Mutual Funds

Risks associated with investing in Mutual Funds

Most mutual funds are not guaranteed, you might lose money over what you invested. So the magnitude of risk in a mutual fund is subjected to what it invests in.

For instance, stocks require much risk as compared to bonds so an equity fund proves to be much riskier than bonds. Depending on the investment objective and category, a mutual fund can be subject to any or all of the following risks which could affect a fund’s performance.

1. Market Risk

The prices of and the income generated by the securities held by mutual funds may decline in response to certain events, including those directly involving the companies whose securities are owned by the funds, general economic and market conditions, regional or global economic instability, or currency and interest rate fluctuations.

2. Credit Risk

The risk that a security's issuer or the counter party is unable to meet its obligation in full and/or on time such as payment of interest or repayment of capital or any other financial or legal obligation.

3. Interest Rate Risk

The risk that an investment's value will change due to a change in the absolute level of interest rates. Normally, rise in interest rates during the investment period may result in reduced prices of the held securities.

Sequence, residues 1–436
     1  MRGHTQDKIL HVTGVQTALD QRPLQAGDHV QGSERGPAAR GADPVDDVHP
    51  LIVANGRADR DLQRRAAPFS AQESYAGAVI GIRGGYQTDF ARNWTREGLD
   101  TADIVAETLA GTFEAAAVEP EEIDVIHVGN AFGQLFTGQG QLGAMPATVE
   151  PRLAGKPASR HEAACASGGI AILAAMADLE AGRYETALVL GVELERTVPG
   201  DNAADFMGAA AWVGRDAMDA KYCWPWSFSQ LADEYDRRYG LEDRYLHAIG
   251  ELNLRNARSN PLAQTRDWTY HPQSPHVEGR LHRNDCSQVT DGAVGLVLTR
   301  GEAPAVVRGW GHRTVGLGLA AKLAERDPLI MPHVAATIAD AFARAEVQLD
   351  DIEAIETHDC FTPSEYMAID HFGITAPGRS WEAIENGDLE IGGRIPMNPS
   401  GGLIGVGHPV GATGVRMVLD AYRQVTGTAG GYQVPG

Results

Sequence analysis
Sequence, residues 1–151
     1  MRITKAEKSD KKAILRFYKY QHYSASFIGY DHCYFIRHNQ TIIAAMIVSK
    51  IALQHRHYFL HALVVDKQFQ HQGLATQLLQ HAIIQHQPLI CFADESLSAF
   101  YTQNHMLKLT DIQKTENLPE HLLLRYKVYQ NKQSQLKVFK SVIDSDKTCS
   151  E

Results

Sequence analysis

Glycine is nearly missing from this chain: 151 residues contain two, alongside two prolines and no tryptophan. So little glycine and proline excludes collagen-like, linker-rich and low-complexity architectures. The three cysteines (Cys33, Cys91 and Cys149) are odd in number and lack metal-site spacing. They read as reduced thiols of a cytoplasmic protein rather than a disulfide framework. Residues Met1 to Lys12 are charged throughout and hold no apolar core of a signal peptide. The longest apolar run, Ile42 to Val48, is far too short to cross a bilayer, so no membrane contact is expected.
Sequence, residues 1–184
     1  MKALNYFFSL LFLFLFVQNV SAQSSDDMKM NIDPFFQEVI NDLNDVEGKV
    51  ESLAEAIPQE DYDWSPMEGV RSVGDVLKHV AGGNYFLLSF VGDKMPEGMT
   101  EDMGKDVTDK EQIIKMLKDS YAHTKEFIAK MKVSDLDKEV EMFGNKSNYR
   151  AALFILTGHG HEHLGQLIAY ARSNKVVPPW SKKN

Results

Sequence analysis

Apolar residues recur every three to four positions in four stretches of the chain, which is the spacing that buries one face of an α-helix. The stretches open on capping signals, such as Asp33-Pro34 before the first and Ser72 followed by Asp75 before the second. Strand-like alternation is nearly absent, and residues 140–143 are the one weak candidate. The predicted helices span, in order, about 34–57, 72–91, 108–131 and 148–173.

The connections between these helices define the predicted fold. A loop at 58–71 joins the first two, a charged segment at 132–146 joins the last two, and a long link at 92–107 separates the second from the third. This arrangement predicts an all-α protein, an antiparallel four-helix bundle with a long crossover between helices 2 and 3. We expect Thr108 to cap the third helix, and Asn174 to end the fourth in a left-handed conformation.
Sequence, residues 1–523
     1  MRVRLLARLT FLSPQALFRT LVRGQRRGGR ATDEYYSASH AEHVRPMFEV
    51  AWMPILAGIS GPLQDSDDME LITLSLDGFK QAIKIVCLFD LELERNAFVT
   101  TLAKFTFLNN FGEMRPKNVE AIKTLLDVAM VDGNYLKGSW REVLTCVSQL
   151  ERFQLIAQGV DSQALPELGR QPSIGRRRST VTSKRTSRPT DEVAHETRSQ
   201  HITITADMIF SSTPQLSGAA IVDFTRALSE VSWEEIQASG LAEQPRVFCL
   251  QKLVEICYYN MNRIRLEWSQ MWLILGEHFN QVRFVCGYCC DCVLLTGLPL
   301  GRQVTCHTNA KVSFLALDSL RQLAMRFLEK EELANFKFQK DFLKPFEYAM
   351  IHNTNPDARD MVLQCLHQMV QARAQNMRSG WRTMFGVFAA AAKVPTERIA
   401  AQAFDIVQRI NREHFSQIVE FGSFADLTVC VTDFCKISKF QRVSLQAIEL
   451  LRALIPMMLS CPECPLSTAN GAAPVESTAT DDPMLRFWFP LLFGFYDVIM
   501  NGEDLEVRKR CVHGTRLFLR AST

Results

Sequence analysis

4. Liquidity Risk

The risk stemming from the lack of marketability of an investment that cannot be quickly bought or sold to convert in cash without loss. Certain securities may be difficult or impossible to sell at the time and price that the mutual fund needs. The mutual fund may therefore be forced to sell a security at a lower price, sell other securities in its portfolio or forego an investment opportunity due to liquidity constraints. This could have a negative effect on the Fund's performance.

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